Helping Works

Mariel Hemingway to keynote Boise event

Mariel Hemingway’s memoir is called “Out Came the Sun” and has the sobering subtitle, “Overcoming the Legacy of Mental Illness, Addiction, and Suicide In My Family.” Hemingway’s grandfather, celebrated writer Ernest Hemingway, ended his life by suicide, as did her sister, model Margaux Hemingway. The Hemingways are longtime residents of Idaho’s Wood River Valley.
Mariel Hemingway’s memoir is called “Out Came the Sun” and has the sobering subtitle, “Overcoming the Legacy of Mental Illness, Addiction, and Suicide In My Family.” Hemingway’s grandfather, celebrated writer Ernest Hemingway, ended his life by suicide, as did her sister, model Margaux Hemingway. The Hemingways are longtime residents of Idaho’s Wood River Valley. Victoria Will/Invision/AP

The Idaho Women’s Charitable Foundation hosts its annual fall symposium 9 a.m. to 1:30 p.m. on Wednesday, Oct. 19, in the Boise State Student Union Building. The topic: “Our Mental Health, Critical Issues Facing Families and Communities.”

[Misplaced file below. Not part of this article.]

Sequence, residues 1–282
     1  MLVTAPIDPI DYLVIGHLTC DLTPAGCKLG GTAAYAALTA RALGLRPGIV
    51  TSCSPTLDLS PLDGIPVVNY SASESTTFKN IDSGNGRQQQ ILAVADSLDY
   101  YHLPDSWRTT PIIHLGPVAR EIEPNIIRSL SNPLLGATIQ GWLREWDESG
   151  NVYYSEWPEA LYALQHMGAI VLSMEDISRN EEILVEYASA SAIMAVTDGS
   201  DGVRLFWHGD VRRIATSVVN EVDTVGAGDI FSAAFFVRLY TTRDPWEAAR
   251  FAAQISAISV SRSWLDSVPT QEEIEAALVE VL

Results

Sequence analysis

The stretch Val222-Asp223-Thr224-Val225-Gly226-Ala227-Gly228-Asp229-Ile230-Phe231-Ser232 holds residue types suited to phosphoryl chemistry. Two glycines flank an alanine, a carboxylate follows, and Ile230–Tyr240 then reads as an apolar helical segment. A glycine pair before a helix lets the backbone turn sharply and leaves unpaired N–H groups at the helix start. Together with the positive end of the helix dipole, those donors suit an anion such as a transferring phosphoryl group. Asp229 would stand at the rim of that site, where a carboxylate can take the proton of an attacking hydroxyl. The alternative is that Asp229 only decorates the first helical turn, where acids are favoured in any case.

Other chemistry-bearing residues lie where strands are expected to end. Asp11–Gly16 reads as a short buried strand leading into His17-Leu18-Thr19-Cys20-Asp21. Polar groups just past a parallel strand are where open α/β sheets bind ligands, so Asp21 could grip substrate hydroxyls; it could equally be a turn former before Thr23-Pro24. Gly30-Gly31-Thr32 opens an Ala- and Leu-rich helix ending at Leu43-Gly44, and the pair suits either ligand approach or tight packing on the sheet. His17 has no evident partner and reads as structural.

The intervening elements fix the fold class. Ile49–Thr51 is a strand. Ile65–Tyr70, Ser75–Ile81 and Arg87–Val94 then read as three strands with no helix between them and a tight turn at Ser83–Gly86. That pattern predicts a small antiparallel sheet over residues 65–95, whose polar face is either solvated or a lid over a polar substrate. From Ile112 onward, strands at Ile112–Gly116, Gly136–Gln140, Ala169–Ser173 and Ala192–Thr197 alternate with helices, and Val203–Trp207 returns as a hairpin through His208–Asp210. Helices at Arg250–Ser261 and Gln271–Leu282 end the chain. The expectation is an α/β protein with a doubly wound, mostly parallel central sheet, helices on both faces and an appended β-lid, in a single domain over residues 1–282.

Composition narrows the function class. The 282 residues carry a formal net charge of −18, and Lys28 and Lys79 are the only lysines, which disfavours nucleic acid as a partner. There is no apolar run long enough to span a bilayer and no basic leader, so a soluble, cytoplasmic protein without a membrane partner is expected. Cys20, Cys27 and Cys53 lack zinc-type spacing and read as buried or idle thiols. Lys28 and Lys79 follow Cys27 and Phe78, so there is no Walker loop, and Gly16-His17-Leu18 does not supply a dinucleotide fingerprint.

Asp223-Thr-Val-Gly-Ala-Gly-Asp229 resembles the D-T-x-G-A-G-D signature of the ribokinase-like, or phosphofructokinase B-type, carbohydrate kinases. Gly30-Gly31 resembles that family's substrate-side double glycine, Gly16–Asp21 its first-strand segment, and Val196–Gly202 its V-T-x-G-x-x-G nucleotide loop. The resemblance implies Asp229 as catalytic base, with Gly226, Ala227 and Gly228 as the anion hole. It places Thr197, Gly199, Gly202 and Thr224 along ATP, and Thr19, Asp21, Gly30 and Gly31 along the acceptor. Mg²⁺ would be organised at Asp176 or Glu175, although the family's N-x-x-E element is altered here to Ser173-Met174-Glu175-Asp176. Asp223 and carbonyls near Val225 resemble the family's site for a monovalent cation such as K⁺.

The day will include workshops, a luncheon and a keynote address by actress Mariel Hemingway.

As many know, the Hemingway family has been plagued by suicide, including those of author Ernest Hemingway, Mariel’s grandfather, and model Margaux Hemingway, her older sister.

Mariel Hemingway has become an outspoken advocate for mental health and dispelling the stigma of mental illness.

The cost to attend the symposium is $50. Advance purchase only, no refunds. Find details online at idahowomenscharitablefoundation.org or call 208-343-4923.

If you, or someone you know is struggling with thoughts of suicide or mental health issues, Idaho’s Suicide Prevention Hotline is staffed 24/7 at 800-273-8255.

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